While this has not been validated in independent studies, it is nevertheless an interesting avenue for explaining why calf strains occur more often in older athletes.
Mainstream treatments for calf strains
- Grade 1: Mild damage to individual muscle fibers (less than 5% of fibers) that causes minimal loss of strength and motion.
- Grade 2: More extensive damage with more muscle fibers involved. …
- Grade 3: Complete rupture of a muscle or tendon.
Once you have suffered a calf strain, you should treat it with two strategies: reduce stress on the calf to allow it to heal, and work to strengthen the calf muscle so that it’s more resilient in the future.
Obviously, your initial priority is to reduce stress and allow healing, while later on in the recovery process, your focus should switch to rehabilitating and increasing the resilience of the injured muscle.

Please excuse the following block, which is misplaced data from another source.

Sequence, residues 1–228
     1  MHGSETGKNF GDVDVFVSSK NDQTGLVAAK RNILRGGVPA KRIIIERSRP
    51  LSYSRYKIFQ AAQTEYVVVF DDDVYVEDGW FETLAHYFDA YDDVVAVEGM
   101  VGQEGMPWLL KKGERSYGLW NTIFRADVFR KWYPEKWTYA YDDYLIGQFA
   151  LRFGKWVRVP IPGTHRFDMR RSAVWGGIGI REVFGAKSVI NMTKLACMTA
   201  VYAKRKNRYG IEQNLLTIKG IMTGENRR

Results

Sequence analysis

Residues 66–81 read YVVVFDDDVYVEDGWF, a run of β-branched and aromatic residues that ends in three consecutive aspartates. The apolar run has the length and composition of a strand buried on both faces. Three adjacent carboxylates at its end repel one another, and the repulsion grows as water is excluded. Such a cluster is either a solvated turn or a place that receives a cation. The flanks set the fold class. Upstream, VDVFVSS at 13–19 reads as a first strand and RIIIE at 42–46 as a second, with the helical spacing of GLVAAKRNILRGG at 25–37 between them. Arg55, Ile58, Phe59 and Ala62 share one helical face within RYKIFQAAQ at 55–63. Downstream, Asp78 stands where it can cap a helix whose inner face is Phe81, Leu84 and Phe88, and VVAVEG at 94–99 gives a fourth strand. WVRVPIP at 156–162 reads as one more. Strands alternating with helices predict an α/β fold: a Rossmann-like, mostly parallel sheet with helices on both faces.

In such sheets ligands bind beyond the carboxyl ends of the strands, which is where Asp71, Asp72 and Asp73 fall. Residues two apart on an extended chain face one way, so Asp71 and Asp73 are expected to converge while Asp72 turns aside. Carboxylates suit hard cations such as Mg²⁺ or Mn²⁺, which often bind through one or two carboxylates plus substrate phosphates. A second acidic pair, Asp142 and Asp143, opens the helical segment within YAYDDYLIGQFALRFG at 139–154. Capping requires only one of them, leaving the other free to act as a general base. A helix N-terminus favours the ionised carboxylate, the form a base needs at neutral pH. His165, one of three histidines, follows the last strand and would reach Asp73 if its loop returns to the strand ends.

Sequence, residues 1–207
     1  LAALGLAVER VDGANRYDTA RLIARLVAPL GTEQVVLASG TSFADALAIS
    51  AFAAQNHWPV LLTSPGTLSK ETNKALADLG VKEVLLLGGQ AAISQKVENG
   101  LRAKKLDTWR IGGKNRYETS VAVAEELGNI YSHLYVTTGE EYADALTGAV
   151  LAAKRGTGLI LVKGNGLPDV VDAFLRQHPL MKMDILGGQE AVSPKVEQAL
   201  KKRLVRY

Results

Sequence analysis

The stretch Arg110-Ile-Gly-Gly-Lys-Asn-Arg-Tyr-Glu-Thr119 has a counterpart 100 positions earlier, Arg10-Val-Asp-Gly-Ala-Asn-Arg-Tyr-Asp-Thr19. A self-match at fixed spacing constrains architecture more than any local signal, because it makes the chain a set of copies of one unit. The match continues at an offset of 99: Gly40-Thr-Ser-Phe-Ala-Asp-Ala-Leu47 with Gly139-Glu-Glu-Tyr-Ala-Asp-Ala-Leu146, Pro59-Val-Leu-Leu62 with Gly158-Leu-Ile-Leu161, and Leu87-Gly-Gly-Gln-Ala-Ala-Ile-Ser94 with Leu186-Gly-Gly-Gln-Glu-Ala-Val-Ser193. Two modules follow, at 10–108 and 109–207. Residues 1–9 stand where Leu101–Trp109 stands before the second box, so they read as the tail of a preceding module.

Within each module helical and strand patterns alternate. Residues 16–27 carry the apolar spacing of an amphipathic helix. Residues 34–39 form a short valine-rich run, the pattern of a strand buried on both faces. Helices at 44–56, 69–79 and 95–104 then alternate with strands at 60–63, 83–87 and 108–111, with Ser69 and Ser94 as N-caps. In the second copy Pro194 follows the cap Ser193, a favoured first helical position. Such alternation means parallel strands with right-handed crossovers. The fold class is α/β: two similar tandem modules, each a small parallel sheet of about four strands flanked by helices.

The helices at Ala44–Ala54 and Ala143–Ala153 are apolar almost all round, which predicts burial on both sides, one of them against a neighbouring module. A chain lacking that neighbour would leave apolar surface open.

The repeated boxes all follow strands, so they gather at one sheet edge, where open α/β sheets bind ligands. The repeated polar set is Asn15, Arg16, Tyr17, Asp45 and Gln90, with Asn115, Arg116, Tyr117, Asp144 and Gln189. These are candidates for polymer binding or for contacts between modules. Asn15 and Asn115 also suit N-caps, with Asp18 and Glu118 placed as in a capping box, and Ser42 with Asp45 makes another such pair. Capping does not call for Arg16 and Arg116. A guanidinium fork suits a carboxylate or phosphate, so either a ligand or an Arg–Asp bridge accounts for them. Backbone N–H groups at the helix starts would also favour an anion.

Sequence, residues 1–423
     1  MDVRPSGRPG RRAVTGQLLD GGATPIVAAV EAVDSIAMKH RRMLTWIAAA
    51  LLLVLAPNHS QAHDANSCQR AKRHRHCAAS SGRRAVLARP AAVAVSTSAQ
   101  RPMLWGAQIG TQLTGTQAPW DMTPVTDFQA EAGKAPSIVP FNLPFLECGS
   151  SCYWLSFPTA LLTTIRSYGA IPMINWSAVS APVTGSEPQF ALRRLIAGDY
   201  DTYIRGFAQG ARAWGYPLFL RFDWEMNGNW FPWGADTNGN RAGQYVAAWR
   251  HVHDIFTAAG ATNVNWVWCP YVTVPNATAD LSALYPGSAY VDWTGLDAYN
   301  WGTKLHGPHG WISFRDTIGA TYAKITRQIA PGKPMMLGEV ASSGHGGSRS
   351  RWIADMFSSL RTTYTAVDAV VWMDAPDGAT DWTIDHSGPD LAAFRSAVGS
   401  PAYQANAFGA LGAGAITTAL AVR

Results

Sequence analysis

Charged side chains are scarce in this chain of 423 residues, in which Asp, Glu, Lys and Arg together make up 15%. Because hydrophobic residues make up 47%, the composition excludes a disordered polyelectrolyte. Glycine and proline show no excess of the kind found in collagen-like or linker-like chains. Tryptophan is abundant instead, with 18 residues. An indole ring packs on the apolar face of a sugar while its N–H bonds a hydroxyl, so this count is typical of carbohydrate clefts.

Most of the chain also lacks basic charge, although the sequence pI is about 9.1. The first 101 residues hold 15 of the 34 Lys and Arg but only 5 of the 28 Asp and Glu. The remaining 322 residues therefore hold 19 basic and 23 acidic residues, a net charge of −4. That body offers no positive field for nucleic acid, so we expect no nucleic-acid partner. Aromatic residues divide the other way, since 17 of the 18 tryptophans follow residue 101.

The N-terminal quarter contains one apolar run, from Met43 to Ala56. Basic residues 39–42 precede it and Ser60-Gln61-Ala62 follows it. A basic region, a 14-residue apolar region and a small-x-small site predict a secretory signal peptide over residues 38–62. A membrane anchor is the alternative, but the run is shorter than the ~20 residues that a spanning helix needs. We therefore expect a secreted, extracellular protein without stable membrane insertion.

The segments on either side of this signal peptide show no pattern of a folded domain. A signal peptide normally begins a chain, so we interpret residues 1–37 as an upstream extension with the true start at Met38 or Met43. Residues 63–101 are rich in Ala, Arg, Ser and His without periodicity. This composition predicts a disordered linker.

When it comes to reducing stress on the calf, you probably already know what to do—stop running, cross-train for a while, and if you do run, avoid high speeds, steep hills, and shoes with an aggressive heel-to-toe drop.
One less obvious way to reduce stress on your calf is to evaluate whether there are any deficiencies in your gait or muscular strength that are increasing stress on your calf muscles when you run.
This is especially useful since hip strength work can be done very early in the rehab process, while your calf is still too tender to do any calf-specific strength work.
A standard hip strength routine that includes glute bridges, clamshell raises, and the “monster walk” (using a TheraBand) should do the trick.
Improving the resilience of the calf muscles is a little trickier.
You’ll want to develop a comprehensive rehab program for the calf muscles which starts with simple low-load exercises and progresses over time to heavier, more complex exercises.